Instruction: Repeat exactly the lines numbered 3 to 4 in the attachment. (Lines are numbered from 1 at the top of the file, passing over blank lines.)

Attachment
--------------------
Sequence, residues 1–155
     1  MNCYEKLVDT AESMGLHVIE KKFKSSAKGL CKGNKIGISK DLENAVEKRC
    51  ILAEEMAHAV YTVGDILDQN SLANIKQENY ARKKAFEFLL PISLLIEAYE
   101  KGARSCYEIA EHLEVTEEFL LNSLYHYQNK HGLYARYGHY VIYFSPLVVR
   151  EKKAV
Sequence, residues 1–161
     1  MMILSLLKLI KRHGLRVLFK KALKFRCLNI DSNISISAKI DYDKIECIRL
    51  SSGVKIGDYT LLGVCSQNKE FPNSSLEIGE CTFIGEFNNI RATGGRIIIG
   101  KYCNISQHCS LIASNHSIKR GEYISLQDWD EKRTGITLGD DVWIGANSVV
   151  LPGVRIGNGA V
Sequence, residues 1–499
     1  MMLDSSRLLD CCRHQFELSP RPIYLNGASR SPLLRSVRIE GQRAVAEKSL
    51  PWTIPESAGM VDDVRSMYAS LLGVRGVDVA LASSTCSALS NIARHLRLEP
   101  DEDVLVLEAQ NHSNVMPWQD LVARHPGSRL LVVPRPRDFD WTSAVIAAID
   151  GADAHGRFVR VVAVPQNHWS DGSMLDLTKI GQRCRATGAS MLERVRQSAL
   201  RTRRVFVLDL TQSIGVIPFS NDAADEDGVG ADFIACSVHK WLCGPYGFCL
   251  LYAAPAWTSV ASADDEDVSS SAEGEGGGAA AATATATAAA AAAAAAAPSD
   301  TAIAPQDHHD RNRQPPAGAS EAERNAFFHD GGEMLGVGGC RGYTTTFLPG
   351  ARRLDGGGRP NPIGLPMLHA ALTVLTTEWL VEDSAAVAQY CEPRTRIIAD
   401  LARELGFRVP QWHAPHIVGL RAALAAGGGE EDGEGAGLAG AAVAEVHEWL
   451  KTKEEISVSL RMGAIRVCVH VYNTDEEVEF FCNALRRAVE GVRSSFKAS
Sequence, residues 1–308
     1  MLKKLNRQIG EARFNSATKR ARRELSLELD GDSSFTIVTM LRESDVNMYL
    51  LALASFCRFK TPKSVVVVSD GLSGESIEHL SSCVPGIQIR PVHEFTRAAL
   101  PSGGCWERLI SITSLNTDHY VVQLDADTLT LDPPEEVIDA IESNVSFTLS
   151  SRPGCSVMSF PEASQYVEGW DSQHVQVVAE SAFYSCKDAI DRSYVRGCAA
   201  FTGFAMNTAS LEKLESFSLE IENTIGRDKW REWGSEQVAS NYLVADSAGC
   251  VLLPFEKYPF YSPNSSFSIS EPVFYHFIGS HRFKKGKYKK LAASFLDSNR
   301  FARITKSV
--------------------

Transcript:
    51  ILAEEMAHAV YTVGDILDQN SLANIKQENY ARKKAFEFLL PISLLIEAYE
   101  KGARSCYEIA EHLEVTEEFL LNSLYHYQNK HGLYARYGHY VIYFSPLVVR